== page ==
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Aerospace Computational Design Laboratory

The Aerospace Computational Design Laboratory’s mission is to lead the advancement and application of computational engineering for aerospace system design and optimization. ACDL research addresses a comprehensive range of topics in advanced computational fluid dynamics, methods for uncertainty quantification and control, and simulation-based design techniques.The use of advanced computational fluid dynamics for complex 3D configurations allows for significant reductions in time from geometry-to-solution. Specific research interests include aerodynamics, aeroacoustics, flow and process control, fluid structure Interactions, hypersonic flows, high-order methods, multi-level solution techniques, large eddy simulation, and scientific visualization.

Uncertainty quantification and control is aimed at improving the efficiency and reliability of simulation-based analysis. Research is focused on error estimation and adaptive methods as well as certification of computer simulations.

The creation of computational decision-aiding tools in support of the design process is the objective of a number of methodologies the lab pursues. These include PDE-constrained optimization, real time simulation and optimization of systems governed by PDEs, multiscale optimization, model order reduction, geometry management, and fidelity management. ACDL is applying these methodologies to aircraft design and to the development of tools for assessing aviation environmental impact.
ACDL faculty and staff include: Jaime Peraire (director), David Darmofal, Mark Drela, Robert Haimes, Cuong Nguyen, Per-Olof Persson, Karen Willcox, and David Willis.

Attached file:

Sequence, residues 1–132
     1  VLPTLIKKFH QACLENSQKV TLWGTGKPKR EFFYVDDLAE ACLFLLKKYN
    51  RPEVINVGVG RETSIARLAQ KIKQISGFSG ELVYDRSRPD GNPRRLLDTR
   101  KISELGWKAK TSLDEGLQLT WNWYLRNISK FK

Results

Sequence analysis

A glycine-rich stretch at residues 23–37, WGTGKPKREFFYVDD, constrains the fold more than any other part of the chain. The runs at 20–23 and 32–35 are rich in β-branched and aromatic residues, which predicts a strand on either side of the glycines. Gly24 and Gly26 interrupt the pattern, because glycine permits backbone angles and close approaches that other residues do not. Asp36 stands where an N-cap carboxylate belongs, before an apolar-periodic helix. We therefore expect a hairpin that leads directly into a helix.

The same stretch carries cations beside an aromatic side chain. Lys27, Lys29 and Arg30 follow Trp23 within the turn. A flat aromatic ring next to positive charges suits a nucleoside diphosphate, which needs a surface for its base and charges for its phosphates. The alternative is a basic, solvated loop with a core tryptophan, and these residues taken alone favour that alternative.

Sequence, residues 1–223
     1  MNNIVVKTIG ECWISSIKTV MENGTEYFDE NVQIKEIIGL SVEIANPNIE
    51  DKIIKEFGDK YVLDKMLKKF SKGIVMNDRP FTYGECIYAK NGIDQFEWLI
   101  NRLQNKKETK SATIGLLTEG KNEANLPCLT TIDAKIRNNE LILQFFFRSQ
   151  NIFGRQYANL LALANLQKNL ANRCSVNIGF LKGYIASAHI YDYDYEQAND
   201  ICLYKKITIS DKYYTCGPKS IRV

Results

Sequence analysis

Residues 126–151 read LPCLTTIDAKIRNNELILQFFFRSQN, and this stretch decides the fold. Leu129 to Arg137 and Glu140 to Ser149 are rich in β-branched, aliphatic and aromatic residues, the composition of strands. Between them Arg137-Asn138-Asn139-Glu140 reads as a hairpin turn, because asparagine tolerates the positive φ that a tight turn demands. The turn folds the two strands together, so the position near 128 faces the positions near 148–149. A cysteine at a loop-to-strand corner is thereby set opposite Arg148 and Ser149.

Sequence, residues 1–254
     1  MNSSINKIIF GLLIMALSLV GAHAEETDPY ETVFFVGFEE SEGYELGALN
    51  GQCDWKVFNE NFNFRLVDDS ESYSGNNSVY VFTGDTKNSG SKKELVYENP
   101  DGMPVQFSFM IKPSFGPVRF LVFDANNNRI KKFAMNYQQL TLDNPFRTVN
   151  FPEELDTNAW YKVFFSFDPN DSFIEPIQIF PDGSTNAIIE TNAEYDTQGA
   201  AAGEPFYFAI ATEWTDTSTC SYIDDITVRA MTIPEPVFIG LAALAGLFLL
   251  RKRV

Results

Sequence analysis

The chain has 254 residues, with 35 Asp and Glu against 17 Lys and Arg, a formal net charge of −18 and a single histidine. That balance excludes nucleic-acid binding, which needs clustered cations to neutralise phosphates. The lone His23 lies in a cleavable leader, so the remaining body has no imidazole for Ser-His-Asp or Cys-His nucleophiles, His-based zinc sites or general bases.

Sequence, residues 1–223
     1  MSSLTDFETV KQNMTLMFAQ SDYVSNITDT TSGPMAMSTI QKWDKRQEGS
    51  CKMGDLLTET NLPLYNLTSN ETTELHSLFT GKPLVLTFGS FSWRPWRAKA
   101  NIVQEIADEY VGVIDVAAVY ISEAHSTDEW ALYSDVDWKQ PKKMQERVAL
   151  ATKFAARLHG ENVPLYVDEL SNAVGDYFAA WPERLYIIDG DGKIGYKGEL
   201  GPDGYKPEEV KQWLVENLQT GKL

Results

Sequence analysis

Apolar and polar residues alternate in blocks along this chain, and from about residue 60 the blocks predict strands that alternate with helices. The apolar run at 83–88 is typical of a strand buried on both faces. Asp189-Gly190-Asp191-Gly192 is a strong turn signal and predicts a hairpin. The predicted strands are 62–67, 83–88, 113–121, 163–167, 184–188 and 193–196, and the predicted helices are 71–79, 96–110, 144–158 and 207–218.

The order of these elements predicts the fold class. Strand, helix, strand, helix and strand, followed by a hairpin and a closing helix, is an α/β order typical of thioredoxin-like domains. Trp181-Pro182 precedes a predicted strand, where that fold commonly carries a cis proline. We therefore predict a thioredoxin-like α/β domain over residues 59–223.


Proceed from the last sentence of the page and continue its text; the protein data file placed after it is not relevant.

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Aerospace Controls Laboratory

The Aerospace Controls Laboratory researches topics related to autonomous systems and control design for aircraft, spacecraft, and ground vehicles. Theoretical research is pursued in areas such as decision making under uncertainty; path planning, activity and task assignment; estimation and navigation; sensor network design; and robust, adaptive, and model predictive control. A key part of ACL is RAVEN (Real-time indoor Autonomous Vehicle test ENvironment), a unique experimental facility that uses a Vicon motion capture system to enable rapid prototyping of aerobatic flight controllers for helicopters and aircraft, robust coordination algorithms for multiple helicopters, and vision-based sensing algorithms for indoor flight.
ACL was also involved in the 2007 DARPA URBAN Challenge and designed/developed the Rapidly-exploring Random Tree based motion planner and vehicle controller, which was integral to MIT’s fourth-place finish in the competition.

ACL faculty are Jonathan How and Steven Hall.

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Communications and Networking Research Group

The primary goal of the Communications and Networking Research Group is the design of network architectures that are cost effective, scalable, and meet emerging needs for high data-rate and reliable communications. To meet emerging critical needs for military communications, space exploration, and internet access for remote and mobile users, future aerospace networks will depend upon satellite, wireless and optical components. Satellite networks are essential for providing access to remote locations lacking in communications infrastructure; wireless networks are needed for communication between untethered nodes (such as autonomous air vehicles); and optical networks are critical to the network backbone and in high performance local area networks.

The group is working on a wide range of projects in the area of data communication and networks with application to satellite, wireless, and optical networks. An important aspect of the group’s research is the development of architectures and algorithms that are optimized across multiple layers of the protocol stack, such as the design of network protocols that are aware of the physical layer channel conditions. For example, together with researchers at the Jet Propulsion Laboratory, the group recently demonstrated tremendous gains in network performance through the application of novel cross-layer resource allocation algorithms to Mars communications. The group’s research crosses disciplinary boundaries by combining techniques from network optimization, queueing theory, graph theory, network protocols and algorithms, hardware design, and physical layer communications.

Eytan Modiano directs the Communications and Networking Research Group.

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Complex Systems Research Laboratory